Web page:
- Family Law
- Real Estate
- Attorney Profiles
- Offices and Contact
Medical Professionals and Nurses
Medical professionals face complex legal challenges on top of their potential immigration issues. Many are regulated by state licensing laws. Those who are part of the Allied health care professionals (AHCP) are further regulated by special laws. Physicians who have been in J-1 status may need to obtain waivers of the two-year home residency requirement or to change their status to H1B while others may want to file for a National Interest Waiver. Nurses and physical therapists on the other hand can file a Schedule A for permanent immigration without the need to file a labor certification. Common petitions for medical professionals includes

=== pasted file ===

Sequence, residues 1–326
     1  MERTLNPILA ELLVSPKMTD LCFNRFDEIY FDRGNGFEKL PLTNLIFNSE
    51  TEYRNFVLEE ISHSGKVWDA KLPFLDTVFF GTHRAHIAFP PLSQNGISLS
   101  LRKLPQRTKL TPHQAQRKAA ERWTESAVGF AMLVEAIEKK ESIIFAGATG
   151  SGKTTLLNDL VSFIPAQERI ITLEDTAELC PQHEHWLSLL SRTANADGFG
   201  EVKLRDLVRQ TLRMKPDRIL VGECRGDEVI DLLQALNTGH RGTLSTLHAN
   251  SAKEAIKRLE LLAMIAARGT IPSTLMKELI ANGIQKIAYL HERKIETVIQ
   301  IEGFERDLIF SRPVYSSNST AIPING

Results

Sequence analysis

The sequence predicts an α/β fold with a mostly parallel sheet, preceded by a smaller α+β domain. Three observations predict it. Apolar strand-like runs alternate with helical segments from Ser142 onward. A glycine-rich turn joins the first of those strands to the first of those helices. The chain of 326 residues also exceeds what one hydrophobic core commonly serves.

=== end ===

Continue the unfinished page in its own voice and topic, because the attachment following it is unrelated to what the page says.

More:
H1Bs, H1Cs, O-1s, or TNs for nonimmigrant needs or a labor certification or NIW petition for permanent immigration.
One of the many ways a foreign nurse can lawfully enter the U.S. is through a lawful permanent resident (LPR) or through a Green Card. Certain requirements need to be met and the nurse must have a sponsor, but essentially, the LPR allows a nurse and her immediate family to enter the U.S.
Advanced nurses who have practice certifications may be eligible under the H1B Visa.
If a temporary basis is desired, the H1C Visa allows a nurse to temporarily work at pre-qualified hospitals or health care facilities that have a special need for nurses greater than the general need across the country. But the limit of 500 nurses per year limits the availability under H1C Visa status.
Registered nurses already working in the U.S. may file for LPR status and obtain work authorization within 90 days of filing the I-140 petition. Of course, additional requirements must be met such as state board requirements etc.